The player with the highest total that does not exceed the Stability Rating is declared the winner and places their Domination Chip on the Objective Card. Ties are resolved by referring to the Bias Icons on the Objective Card. The 4 icons relate to the 4 types of Factions (Group cards). The left most icon symbolises the most important Faction in the domination of that Objective. The player with the highest valued card of that Faction will win the objective. If neither player controls cards of that Faction the next Bias Icon to the right is consulted etc etc.


Image Courtesy of willk_1230


Strategy - The Factions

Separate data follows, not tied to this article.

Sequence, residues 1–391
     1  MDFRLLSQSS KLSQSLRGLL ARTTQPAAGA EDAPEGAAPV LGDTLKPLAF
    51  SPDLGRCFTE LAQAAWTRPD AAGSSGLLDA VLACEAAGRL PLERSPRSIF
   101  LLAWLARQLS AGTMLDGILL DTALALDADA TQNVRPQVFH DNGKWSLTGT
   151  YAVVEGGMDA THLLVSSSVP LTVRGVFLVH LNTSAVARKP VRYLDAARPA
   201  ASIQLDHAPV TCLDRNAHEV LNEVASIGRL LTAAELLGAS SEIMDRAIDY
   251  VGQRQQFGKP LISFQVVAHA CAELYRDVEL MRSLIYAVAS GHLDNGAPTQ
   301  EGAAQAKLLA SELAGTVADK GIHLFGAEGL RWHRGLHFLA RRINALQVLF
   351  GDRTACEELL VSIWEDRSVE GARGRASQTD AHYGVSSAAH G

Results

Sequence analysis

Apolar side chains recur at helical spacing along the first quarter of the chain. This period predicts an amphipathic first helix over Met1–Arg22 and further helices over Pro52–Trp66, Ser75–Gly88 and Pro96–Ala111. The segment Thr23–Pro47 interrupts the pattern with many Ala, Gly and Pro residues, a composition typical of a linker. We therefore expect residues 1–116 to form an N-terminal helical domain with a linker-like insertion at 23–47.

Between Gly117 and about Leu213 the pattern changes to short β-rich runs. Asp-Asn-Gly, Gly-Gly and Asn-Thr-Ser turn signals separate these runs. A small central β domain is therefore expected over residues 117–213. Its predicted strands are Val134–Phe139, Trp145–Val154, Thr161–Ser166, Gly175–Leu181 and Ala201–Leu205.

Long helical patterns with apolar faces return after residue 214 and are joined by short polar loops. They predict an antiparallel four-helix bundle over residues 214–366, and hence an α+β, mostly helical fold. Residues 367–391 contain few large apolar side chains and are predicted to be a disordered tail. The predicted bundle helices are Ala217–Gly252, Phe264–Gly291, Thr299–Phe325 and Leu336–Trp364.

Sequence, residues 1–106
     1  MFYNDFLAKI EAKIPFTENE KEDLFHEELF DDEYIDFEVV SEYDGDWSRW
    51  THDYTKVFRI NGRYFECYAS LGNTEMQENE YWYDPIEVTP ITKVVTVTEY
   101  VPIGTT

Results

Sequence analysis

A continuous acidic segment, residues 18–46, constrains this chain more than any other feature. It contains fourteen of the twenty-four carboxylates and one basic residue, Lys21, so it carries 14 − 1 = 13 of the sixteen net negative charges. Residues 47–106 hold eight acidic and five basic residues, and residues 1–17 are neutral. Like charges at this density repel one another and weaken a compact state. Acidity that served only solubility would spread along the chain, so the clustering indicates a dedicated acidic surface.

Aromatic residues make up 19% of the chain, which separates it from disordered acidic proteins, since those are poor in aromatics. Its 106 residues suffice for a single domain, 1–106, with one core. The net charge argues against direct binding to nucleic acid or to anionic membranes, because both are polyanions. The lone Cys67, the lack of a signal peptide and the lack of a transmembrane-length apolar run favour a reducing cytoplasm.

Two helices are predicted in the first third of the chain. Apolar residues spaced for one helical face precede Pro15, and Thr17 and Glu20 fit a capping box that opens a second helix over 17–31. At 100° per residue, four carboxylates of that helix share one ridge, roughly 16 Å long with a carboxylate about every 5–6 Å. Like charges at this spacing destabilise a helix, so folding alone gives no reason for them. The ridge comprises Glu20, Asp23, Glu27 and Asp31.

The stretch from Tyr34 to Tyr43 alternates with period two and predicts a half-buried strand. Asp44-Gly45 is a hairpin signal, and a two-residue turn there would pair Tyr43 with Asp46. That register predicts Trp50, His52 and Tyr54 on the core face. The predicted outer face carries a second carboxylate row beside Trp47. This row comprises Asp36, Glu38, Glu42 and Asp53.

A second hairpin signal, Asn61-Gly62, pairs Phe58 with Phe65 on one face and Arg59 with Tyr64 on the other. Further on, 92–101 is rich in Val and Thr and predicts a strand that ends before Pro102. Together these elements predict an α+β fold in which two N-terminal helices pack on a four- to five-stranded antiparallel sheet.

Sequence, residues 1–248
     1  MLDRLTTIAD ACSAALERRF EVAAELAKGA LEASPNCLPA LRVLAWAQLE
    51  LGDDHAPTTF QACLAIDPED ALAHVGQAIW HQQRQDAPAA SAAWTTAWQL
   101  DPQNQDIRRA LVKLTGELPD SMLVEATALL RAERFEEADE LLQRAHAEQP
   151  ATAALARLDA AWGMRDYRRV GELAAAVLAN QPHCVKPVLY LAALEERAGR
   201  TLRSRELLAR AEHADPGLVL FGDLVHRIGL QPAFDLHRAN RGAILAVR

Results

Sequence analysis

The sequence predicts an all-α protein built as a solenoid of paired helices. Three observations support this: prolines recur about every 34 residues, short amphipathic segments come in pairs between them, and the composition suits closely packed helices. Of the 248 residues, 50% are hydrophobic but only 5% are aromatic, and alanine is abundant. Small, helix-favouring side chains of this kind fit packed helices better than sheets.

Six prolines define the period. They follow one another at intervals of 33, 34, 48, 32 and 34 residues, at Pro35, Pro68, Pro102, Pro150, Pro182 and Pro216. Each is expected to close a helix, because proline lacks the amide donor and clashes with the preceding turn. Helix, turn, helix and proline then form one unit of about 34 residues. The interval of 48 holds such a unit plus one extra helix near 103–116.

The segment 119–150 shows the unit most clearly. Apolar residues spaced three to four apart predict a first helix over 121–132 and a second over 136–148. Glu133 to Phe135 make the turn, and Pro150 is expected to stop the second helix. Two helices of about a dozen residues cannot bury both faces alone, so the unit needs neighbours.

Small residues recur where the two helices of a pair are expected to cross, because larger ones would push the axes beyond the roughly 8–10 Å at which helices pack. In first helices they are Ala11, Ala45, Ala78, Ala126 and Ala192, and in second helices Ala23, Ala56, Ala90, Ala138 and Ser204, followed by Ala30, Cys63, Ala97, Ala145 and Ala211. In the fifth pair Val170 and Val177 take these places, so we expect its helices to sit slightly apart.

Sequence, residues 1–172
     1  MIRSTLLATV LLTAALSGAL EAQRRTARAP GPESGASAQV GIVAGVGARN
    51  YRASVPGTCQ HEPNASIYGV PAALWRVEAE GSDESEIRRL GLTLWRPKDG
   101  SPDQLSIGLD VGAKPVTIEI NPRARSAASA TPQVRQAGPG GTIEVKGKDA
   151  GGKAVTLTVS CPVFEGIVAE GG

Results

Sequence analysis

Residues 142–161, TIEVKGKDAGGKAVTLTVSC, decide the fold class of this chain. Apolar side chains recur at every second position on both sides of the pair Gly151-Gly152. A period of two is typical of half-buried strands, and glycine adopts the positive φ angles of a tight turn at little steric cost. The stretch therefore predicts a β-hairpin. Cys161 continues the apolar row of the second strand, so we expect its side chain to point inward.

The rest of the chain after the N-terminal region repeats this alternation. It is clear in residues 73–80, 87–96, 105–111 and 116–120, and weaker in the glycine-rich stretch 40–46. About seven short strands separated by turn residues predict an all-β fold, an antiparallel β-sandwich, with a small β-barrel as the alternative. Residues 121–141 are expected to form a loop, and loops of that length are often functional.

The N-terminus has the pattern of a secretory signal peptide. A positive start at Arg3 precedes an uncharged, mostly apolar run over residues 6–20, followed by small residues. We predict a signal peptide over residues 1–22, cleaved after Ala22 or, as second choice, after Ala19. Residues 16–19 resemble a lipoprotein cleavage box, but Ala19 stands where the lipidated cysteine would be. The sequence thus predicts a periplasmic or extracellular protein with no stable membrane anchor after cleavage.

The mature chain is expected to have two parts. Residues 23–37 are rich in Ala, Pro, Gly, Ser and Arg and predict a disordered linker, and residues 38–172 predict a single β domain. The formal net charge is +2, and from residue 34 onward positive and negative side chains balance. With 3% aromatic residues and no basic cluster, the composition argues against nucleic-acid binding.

Finally we need to assess the abilities of each Faction within the Group Deck to see the potential for card combo play. Thankfully all cards of the same type have the same ability. Cards within a particular Faction only differ in their value, which range from 1-6.

d10-1 Military Factions - When Mobilised (tapped) this Faction can eliminate any other Faction card in play. It is often useful to eliminate an enemy Faction before they use their ability or if they feature a value that is allowing their side to beat your total. The Military are also useful in discarding one of your own cards if you have exceeded the Stability Rating of an Objective. Out of 21 Objectives, the Military is the most important Faction (breaks ties) in 5 of them.

Purely for thematic purposes the cards included in this Faction are called; Guerillas, Militia, Mercenaries, Police, Infantry and Generals.